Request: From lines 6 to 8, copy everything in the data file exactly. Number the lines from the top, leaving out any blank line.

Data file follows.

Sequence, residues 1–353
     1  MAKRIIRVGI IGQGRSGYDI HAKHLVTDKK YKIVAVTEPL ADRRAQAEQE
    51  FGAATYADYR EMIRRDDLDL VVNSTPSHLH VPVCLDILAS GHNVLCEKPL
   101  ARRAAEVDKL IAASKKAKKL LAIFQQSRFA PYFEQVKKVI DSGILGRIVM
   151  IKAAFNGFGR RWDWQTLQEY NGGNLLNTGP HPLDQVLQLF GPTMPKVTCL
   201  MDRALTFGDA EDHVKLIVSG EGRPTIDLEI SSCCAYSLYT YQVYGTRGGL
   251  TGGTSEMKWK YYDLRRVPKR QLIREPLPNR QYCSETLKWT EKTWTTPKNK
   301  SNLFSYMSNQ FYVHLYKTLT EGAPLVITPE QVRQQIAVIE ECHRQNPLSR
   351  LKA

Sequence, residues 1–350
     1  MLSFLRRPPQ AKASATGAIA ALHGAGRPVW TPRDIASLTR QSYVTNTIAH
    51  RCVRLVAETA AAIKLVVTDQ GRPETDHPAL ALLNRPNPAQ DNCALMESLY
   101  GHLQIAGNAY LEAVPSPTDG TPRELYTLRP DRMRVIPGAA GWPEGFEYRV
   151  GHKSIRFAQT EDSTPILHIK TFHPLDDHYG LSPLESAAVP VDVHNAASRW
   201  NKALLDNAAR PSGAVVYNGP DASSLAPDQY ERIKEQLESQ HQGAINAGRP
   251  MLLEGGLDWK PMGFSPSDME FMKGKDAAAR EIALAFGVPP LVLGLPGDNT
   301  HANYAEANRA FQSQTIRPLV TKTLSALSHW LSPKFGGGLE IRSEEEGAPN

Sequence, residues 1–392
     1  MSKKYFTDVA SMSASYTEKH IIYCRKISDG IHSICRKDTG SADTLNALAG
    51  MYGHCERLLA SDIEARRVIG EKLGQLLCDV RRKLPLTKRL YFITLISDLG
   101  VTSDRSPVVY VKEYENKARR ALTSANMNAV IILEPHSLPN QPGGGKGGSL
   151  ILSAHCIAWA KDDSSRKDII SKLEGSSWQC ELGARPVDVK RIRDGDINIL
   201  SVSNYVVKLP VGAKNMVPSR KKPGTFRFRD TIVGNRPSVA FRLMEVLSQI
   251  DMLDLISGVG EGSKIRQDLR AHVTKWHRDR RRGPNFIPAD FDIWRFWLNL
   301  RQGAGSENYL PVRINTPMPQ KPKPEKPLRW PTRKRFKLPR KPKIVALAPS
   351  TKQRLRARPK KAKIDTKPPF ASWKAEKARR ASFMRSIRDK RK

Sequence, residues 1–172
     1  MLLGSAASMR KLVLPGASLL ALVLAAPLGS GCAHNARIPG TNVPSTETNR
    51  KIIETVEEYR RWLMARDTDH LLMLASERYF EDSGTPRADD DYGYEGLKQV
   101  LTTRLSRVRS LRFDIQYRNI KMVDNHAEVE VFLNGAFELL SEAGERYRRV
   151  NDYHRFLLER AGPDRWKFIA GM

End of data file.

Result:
   201  MDRALTFGDA EDHVKLIVSG EGRPTIDLEI SSCCAYSLYT YQVYGTRGGL
   251  TGGTSEMKWK YYDLRRVPKR QLIREPLPNR QYCSETLKWT EKTWTTPKNK
   301  SNLFSYMSNQ FYVHLYKTLT EGAPLVITPE QVRQQIAVIE ECHRQNPLSR